Wednesday, November 9, 2011

Ridge to Bridge Marathon

After making the decision to pull out of Cheat Mountain 50, I realized my "racing" calender was sort of empty for the fall so I started looking for possibilities and remembered that Dennis and Doug were running Ridge to Bridge Marathon. They had both run R2B in 2010 and highly recommended it. I wasn't all that thrilled with my run at Grandfather Marathon in July so I thought it might be nice to once again try and break 3:35, but this time on a course more suited to my running preference (mostly all downhill) and with much cooler weather.
Waiting at the Start Brrrrrr - Photo: Randy Smith
Dennis and I drove down to Morganton,NC (race headquarters) Friday evening to pick up our race packets and grab one for Doug and Eva as well, giving us one less thing to worry about Saturday morning. We met up with the crew at  the Jonas Ridge Marathon gas station just as the buses full of runners arrived, I jumped out and quickly hit the port o john before they unloaded. We were lucky that Eva's friend Chris was going to meet us at the finish, so we loaded up our post race gear for him to shuttle to the finish and after standing around freezing for a while I got up the nerve to shed the puffy jacket and head to the start. 
It was a beautiful fall morning and I enjoyed chatting with Doug for the first bit as my feet began to thaw. My toes were seriously frozen! We ran through rolling rural countryside, no worry of traffic and did a short out and back (about 5.5 miles) before turning left on an unpaved road for the 9 mile descent! I took it easy on the road section and tried to take the advice of the RD: 
 Miles 1-6: Run comfortably within yourself here. Your early-miles adrenaline will carry you through but don’t be tempted to overdo it. Take your goal time and break it up into 26.2 equal bites (your pace per mile). Don’t worry if you find yourself 10 seconds per mile behind goal pace over the first six miles. You’ll easily make this up over the next nine miles with no additional effort. Stay calm, conserve your energy, and remain comfortable.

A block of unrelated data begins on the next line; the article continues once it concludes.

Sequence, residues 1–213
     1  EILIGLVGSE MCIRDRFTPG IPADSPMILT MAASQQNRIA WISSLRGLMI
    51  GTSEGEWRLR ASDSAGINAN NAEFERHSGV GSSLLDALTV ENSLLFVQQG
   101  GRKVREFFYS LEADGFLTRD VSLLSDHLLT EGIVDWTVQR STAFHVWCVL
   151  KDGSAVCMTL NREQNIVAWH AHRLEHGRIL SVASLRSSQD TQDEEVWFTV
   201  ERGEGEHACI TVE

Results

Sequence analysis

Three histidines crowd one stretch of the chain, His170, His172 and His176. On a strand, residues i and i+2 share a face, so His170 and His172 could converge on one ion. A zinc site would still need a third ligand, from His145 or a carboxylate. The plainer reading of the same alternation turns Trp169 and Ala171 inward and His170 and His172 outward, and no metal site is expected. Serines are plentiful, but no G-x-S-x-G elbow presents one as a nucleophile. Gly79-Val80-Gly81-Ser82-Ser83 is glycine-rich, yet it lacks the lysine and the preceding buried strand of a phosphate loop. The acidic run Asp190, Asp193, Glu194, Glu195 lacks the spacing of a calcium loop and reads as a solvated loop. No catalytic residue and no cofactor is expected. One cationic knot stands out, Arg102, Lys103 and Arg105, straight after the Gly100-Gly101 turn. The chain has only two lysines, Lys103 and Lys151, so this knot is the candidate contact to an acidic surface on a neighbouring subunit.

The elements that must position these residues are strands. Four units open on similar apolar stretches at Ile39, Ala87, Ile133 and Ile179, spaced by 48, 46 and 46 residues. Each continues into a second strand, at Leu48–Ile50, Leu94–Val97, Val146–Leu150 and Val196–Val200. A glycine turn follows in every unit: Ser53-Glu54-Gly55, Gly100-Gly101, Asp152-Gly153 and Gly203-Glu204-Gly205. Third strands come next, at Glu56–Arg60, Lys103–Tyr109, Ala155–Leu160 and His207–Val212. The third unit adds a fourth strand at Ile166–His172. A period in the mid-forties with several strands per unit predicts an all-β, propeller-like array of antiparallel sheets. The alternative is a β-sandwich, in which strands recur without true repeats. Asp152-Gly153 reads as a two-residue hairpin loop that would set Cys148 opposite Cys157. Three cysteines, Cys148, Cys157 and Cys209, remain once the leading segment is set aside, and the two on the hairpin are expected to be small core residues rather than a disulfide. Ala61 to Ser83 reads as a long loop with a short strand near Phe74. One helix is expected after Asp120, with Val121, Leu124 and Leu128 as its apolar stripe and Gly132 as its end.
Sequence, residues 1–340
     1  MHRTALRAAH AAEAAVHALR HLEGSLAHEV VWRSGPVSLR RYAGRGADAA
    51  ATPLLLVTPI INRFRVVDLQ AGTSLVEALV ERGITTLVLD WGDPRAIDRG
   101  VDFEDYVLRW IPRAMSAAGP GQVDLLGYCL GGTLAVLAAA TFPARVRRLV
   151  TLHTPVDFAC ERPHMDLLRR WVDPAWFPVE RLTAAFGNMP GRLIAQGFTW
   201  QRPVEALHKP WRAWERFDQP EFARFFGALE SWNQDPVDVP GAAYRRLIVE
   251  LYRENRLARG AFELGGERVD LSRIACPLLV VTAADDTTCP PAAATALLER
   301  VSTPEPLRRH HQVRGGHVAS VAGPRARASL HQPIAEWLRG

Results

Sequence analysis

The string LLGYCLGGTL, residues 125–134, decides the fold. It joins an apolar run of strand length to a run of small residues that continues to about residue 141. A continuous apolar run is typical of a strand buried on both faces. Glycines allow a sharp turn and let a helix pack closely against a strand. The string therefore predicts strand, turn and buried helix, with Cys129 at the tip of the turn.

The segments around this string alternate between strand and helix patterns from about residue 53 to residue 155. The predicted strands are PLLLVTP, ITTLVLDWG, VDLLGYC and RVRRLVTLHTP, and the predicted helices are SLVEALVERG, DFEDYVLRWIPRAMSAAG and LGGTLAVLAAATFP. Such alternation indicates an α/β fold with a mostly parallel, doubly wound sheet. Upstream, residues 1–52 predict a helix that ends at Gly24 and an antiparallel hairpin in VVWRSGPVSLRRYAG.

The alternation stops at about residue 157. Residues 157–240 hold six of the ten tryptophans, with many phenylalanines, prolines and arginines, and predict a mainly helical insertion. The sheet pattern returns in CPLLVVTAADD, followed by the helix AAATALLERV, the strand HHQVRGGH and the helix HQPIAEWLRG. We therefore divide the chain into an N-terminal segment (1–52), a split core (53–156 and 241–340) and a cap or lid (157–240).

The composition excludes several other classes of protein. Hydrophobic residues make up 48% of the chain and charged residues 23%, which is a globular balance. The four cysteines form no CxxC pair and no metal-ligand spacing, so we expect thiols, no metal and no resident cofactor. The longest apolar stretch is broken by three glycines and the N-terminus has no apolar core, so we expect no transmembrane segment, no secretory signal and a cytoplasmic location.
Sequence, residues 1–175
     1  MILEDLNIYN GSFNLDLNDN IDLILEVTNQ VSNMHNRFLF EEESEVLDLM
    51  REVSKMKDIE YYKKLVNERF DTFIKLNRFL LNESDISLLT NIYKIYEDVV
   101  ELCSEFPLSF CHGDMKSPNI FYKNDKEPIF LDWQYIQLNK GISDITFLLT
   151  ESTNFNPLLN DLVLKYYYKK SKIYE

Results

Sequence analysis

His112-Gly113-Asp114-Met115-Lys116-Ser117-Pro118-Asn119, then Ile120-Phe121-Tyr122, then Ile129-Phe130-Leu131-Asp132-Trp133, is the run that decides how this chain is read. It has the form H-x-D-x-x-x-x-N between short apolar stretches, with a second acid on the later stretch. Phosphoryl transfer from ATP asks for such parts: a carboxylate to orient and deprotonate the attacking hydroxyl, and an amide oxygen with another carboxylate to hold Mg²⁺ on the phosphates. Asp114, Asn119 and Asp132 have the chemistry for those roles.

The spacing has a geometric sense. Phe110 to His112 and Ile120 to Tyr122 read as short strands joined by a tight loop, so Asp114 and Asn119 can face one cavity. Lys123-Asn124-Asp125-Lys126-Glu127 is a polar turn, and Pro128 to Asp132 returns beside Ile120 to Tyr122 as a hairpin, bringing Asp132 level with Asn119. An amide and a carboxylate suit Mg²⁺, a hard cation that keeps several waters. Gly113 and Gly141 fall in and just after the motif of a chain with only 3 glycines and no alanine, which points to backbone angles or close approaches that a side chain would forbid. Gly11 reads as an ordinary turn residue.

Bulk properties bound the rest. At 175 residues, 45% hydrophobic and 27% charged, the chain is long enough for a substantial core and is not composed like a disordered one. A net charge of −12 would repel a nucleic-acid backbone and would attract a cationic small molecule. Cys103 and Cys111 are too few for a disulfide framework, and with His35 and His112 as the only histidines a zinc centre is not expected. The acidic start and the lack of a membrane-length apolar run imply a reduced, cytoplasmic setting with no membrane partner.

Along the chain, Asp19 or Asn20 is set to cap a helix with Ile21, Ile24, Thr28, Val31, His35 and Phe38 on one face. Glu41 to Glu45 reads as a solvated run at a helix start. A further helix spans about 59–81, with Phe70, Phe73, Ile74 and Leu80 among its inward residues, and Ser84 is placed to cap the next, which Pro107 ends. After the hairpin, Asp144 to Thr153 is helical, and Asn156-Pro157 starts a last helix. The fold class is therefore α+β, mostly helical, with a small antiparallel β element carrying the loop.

The Downhill Section Photo: Willie Lowe
I did stay very calm and comfortable and enjoyed passing the other runners on the out and back section, cheering people on and seeing some familiar faces. I knew being conservative on the first road section wouldn't be the problem, but I had been warned of what could happen on the long downhill stretch and I needed to focus on not being to overzealous and killing myself on the downhill. Sounds easy enough, settle in a comfortable pace, soak in the the beautiful scenery, nice and it. 
I was rolling along thinking how nice it was just to let gravity do the work and my assessment was that the grade was not so steep that it would completely trash my quads so I floated along waiting for the aid station that had gels so i could restock when enter into the equation being passed by another female. She quietly came out of nowhere looking very strong and focused, I had seen her on the road early on and now she was back pushing the pace on the downhill, checking her watch often, she had a plan. I was feeling good and wasn't going to let her go without a bit of a "fight" so we exchanged a few words about how beautiful the course is and how perfect the weather was and then it was back to business, we yoyo'd back and forth until eureka! the table with the gels! I had to grab a few as I only started out with two in my pocket (not enough), just enough of a pause for her to move ahead. I looked up and saw she was in pursuit of two other females up ahead. I took a gel and settled back in and before too long we hit the bottom and were back on the pavement (ugh)  
Wilson Creek Photo: Willie Lowe